The Bookshop and the Barbarian by Morgan Stang
As the new proprietor of the Cozy Quill Bookshop, Maribella Waters can finally escape the constant strife of her homeland. Her only employee, Asteria Helsdottir, is a barbarian more at home on the battlefield than in a bookshop. But somehow, the two will have to figure out a way to make a success of the Cozy Quill, all while coming together with the local townspeople to keep Lady Malicent from running them off the land.
Of Knights and Books and Falling in Love by Rita A. Rubin
Alexius literally becomes Jayce’s knight in shining armor when he helps the ensorcelled apprentice escape the Dark Lord’s clutches. Now, Jayce is free to pursue a life on his own terms. With Alexius’s support and a whole world of opportunity, Jayce finds a place for himself at a bookshop run by a fastidious troll. It’s everything he ever could’ve wanted and then some — especially with his very own knight in shining armor by his side.
Small Town, Big Magic by Hazel Beck
Emerson Wilde is an indie bookseller descended from a woman hanged as a witch during the Salem Witch Trials, but that doesn’t mean her success as a bookshop owner — or youngest Chamber of Commerce president — is thanks to any magic. Or, at least, she didn’t think so until the mayor sends some sinister creatures after her, and she dispatches them with ease. It turns out Emerson is a witch, and all her memories of witchcraft were erased when she failed a coming-of-age test as a teen. Now, her powers — and memories — are coming back just as an ancient evil awakens in her hometown. Maybe magic doesn’t make things easier after all.
The Fae’s Bride by R.L. Medina
Alessia is busy enough taking care of her family’s enchanted villa, ailing mother, and wild sisters without a new count to think about. Said count is a Fae who never should’ve been given the title of count and would rather be reading books, anyway. But now he’s required to look after the picturesque town of Zamerra where Alessia lives. Unfortunately, the busy witch wants nothing to do with him. When Alessia’s mother has a vision of her wedding day, however, everything changes. Suddenly, the status quo — the same one that says someone with Fae blood will never become a count — is upended.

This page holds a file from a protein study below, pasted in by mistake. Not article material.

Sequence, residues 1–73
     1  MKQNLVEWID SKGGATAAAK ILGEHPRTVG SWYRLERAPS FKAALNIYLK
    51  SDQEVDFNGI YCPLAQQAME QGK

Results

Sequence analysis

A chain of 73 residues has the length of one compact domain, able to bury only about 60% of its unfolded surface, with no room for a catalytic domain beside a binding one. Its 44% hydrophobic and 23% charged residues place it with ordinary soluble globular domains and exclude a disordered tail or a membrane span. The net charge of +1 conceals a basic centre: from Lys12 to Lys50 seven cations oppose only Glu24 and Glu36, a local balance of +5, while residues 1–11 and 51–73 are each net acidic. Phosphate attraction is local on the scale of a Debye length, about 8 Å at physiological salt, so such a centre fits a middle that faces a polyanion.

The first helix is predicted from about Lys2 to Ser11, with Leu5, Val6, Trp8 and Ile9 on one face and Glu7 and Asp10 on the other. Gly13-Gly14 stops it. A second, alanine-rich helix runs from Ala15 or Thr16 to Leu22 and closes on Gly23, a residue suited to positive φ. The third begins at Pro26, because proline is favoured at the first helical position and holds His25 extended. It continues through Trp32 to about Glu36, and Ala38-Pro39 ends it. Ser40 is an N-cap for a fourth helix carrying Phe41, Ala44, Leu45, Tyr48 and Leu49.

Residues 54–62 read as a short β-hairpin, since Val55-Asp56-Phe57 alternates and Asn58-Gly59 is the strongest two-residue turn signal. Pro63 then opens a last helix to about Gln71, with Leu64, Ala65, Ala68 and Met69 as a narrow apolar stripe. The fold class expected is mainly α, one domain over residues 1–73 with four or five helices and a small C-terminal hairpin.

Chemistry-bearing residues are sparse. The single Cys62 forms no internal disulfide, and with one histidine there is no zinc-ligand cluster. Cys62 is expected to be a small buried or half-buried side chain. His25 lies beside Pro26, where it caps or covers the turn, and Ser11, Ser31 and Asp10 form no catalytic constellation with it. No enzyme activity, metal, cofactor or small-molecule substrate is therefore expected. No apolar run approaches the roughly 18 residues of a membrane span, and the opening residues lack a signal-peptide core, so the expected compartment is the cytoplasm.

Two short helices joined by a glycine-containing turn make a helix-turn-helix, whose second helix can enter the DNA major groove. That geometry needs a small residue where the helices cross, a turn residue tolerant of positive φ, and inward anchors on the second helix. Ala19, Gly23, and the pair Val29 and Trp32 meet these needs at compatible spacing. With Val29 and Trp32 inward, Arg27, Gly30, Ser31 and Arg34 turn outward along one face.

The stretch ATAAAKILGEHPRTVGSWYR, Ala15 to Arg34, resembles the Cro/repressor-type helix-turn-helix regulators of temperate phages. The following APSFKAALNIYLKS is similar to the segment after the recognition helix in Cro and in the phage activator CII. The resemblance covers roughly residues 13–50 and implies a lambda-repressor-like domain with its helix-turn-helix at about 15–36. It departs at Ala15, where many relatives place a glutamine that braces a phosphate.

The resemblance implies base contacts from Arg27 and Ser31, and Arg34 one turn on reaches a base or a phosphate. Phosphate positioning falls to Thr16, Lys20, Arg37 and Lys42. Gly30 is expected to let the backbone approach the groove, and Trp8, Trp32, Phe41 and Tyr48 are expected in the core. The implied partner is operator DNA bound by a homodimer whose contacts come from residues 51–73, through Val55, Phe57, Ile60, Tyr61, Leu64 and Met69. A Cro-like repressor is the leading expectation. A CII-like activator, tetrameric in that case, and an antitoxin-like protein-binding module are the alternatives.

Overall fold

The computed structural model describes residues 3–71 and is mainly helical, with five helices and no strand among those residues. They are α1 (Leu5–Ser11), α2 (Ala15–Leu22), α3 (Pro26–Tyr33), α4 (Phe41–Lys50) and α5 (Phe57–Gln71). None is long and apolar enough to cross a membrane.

That Time I Got Drunk And Yeeted A Love Potion At A Werewolf by Kimberly Lemming
Okay, this one is a little less centrally focused on books than some of the others, but it does feature a main character who loves romance novels so much she eventually uses her intricate knowledge of, *ahem* there’s no other way to say this, omegaverse dynamics, against her kidnapper and ruffles him so thoroughly that he lets her go. It’s definitely spicier and kinkier than a lot of the books on this list — I might even hazard to call it cozy fantasy erotica — but it’s also an adorable, ridiculous, lighthearted ride.
A Witch’s Guide to Magical Innkeeping by Sangu Mandanna (April 2, 2024)
I could fangirl over Sangu Mandanna’s The Very Secret Society of Irregular Witches all day, so finding out that her next novel set in the same universe follows a disgraced witch who finds an old spell book that may hold the secrets to restoring her powers AND a bookish historian who helps her along the way fulfilled all my little fangirling heart’s hopes and dreams.